Hustle & Flow

2005hustleMovie review by Greg Carlson

Writer-director Craig Brewer’s “Hustle & Flow” has already been the subject of much discussion regarding its depiction of a Memphis pimp who dreams of hip-hop stardom as a way out of his miserable economic straits. Cinema routinely depicts unsavory anti-heroes and morally compromised protagonists, but the inherent misogyny of pimping makes the possibility of telling a balanced story much more complex than the filmmaker can handle. While “Hustle & Flow” sticks close to its “everybody gotta have a dream” mantra, aping the rags to riches formula that fuels the American desire for success, it remains too timid to explore its central character as anything other than the gold-hearted patriarch of a dysfunctional family.

Terrence Howard, as DJay, is so good in the lead role that one occasionally overlooks the hokey simplicity of the movie’s well-worn formula. Howard brings his character to vivid life, and it is only the film’s writing that fails him. Delivering wise, weary monologues in his beat up whip, DJay’s aspirations to create something bigger than himself extend well beyond the paltry existence he scratches out by exploiting a trio of unfortunate young women. Sharing his innermost thoughts with the hard working Nola (Taryn Manning), DJay makes clear his restless lack of satisfaction, and Howard’s interpretation is magnetic.

A chance encounter with Key (Anthony Anderson), an old high school acquaintance, opens the door for DJay to record some of his own rhymes. Despite the objections of Key’s nervous wife Yevette (Elise Neal), the two men set up shop in DJay’s sweltering house, and begin tinkering with sounds and rhythms. Realizing they need some additional expertise, Key enlists Shelby (DJ Qualls), an enthusiastic church organist who knows his way around samplers and synthesizers, to craft some hooks for the songs. Surprisingly, the trio makes impressive progress in short order, and the audience begins to share in their excitement.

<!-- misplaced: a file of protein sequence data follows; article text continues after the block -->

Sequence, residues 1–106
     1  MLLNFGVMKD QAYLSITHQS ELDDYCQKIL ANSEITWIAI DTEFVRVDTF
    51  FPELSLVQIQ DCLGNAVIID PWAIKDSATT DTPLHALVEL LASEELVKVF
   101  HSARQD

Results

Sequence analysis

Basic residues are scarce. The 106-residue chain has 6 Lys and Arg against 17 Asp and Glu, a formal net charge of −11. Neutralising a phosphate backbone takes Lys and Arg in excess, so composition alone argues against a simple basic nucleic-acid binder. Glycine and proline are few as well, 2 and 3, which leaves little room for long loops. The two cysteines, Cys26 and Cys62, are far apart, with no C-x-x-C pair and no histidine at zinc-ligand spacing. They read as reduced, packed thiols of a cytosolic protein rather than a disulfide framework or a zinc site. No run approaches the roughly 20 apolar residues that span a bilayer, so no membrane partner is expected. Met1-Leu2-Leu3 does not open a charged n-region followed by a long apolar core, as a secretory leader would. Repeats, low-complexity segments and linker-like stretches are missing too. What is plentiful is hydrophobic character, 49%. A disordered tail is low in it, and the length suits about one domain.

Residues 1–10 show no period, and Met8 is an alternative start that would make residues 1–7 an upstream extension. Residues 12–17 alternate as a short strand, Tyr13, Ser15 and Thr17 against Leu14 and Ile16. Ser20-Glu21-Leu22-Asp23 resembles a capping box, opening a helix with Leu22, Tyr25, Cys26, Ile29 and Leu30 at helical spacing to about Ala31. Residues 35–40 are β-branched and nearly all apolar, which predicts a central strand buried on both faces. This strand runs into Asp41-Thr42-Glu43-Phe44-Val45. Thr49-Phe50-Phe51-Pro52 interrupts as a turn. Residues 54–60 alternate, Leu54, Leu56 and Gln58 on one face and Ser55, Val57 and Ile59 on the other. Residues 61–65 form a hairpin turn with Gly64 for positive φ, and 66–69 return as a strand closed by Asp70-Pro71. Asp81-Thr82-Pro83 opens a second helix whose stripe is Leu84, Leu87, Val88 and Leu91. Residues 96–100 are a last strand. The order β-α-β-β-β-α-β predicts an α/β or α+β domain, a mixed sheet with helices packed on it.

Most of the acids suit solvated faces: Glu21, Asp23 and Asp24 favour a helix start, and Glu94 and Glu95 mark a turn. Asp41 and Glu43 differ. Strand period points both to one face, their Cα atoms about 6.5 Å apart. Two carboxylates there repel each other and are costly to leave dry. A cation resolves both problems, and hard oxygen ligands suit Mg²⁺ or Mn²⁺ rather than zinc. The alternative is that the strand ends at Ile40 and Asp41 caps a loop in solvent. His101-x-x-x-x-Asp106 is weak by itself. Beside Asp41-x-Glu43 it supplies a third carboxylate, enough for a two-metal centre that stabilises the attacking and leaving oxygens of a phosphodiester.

DJay’s women are unfortunately seen by Brewer as a means to an end as opposed to full-fledged creative partners in the pimp’s musical efforts. In one harrowing scene, DJay forces Nola to have sex with a sleazy pawnshop proprietor in exchange for an expensive microphone he needs to record his vocals. Another of DJay’s whores named Shug (Taraji P. Henson) turns out to have the singing voice of an angel, but her fawning dependency on DJay is so overwhelming it flirts with caricature. Henson works wonders as the pregnant Shug, but like most of the film’s characters, is hamstrung by writing that humiliates more than it challenges.

A tour-de-force set piece near the end of the film demonstrates some potent directorial skill, as DJay nervously approaches a successful rapper (played by Ludacris) with his demo tape. It is during this section that Brewer comes the closest to realizing the movie’s potential dramatic impact, and he constructs the scene with a sure-handed sense of escalating tension and dread. For the rest of its running time, however, “Hustle & Flow” careens between authenticity and self-parody so often it never manages to find a consistent personality (it doesn’t help that Brewer buys in to the idea that becoming famous and having ridiculous amounts of money are life’s only worthy goals). The film’s outstanding acting never quite compensates for this, but it comes close.

This review was originally published in the High Plains Reader the week of 8/15/05.

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